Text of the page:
All patients answered the THI [11] and the VAS to assess quantitatively and qualitatively the therapeutic response in relation to tinnitus. In the VAS, score ranges from 1 to 10, where 10 represents the highest degree of tinnitus severity. Scores measured the intensity and discomfort of tinnitus. Two points in the VAS were considered significant change [3]. The THI questionnaire was considered improved when there was change of category of tinnitus severity in the following scale: Grade 1 negligible (0–16), Grade 2 light (18–36), Grade 3 moderate (38–56), Grade 4 severe (58–76), and Grade 5 catastrophic (78–100) [11].

The average posttreatment for some measures were compared between types of treatment (oral therapy and intratympanic corticosteroids after failure of oral therapy) using an analysis of covariance model (ANCOVA). In the ANCOVA model, the measurement obtained after treatment was considered the dependent variable, the type of treatment as the independent variable and the measures at baseline as the covariate. Mean comparisons were made with the intragroup test employing Student t‐test for paired samples. Note that p< 0.05 was considered significant. The analysis was performed using SAS v 9.4 (SAS Institute, Inc., 2012).

3. Results

There were 23 subjects in the total, 13 subjects (6 female and 7 male, mean age = 38.30 years) in the oral steroid therapy (Group 1) and 10 subjects (7 female and 3 male, mean age = 47.40 years) in the intratympanic corticosteroids after failure of oral therapy (Group 2).

The average total score in THI before in Group 1 (n= 13) was 64.77 points, and after oral therapy, it was 45.90 points. The mean of the THI score before intratympanic corticosteroids after failure of oral therapy (Group 2) (n= 10) was 72.20 points and 47.73 points after (Figure 2). The mean VAS value in Group 1 was 7.69 points before and 5.30 points after therapy. The average value in VAS for the Group 2 was 8.30 points before and 5.81 points after therapy (Figure 3). THI and VAS averages showed a significant decrease when comparing the values before and after treatment intragroups (p< 0.05), whereas the analysis between groups was not statistically different.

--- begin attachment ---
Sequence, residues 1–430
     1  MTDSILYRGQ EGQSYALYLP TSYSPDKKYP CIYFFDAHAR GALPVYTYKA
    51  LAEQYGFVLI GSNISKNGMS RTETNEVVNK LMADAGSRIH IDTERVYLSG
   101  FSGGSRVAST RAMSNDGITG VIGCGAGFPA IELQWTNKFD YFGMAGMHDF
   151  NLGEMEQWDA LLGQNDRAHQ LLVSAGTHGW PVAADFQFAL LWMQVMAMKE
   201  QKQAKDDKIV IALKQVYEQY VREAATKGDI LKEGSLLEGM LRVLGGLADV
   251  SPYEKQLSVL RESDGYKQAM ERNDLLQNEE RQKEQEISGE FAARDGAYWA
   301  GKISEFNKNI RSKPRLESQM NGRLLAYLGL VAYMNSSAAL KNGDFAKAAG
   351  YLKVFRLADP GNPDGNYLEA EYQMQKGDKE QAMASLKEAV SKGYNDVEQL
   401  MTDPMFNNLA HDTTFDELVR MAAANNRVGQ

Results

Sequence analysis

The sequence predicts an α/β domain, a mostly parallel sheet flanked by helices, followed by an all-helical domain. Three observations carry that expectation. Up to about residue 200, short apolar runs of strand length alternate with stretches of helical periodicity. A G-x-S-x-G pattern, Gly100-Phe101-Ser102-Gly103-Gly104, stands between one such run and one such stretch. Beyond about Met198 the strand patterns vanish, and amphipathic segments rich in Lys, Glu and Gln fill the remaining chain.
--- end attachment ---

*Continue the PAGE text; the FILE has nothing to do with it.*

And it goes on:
Figure 2.

THI results before and after treatment.

Figure 3.

VAS results before and after treatment.

In pure tone audiometry, we found the average of 74.23 dB (Group 1) before and 59.69 dB after therapy and 86.50 dB before and 51.91 dB after therapy (Group 2; Figure 4). A significant decrease in pure tone thresholds was found when comparing the values before and after treatment intragroups (p< 0.05), whereas the analysis between groups was not statistically different.

Figure 4.

PTA results before and after treatment.

In the DPOAE test, we found in Group 1 the following amplitude values before and after therapy: for frequencies of 2 KHz: −10.08 and −1.69 dB; 3 KHz: −9.77 and −1.85 dB; 4 KHz: −10.92 and −5.08 dB; and 5 KHz: −10.69 and −2.85 dB. As for Group 2, the following amplitude values were obtained before and after treatment, respectively: 2 KHz: −12.30 and −3.90 dB; 3 KHz: −12.00 and −7.10 dB; 4 KHz: −11.30 and −6.10 dB, and 5 KHz: −12.60 and −4.40 dB (Figure 5).

Figure 5.

Amplitude results before and after treatment.

As for the S/N ratio, the following values were obtained in Group 1 before and after therapy, for each frequency tested: 2 KHz: 2.77 and 8.38 dB; 3 KHz: 2.23 and 8.69; 4 KHz: 0.00 and 7.85 dB, and 5 KHz: 1.23 and 8.08 dB (Figure 6). We found a significant decrease when comparing the amplitude values before and after treatment intragroups (p< 0.05) in the four analyzed frequencies (2, 3, 4, and 5 KHz), while the analysis between groups did not show statistical difference.

Figure 6.

Signal/noise results before and after treatment.

The S/N ratios were as follows before and after treatment, respectively: 2 KHz: 0.00 and 7.10 dB; 3 KHz: 0.50 and 7.10 dB; 4 KHz: 1.00 and 4.30 dB, and 5 KHz: −0.70 and 4.50 dB (Figure 6). There was decrease when comparing signal/noise values before and after treatment intragroups (p< 0.05) in four analyzed frequencies (2 and 5 KHz), while the analysis between groups was not statistically different.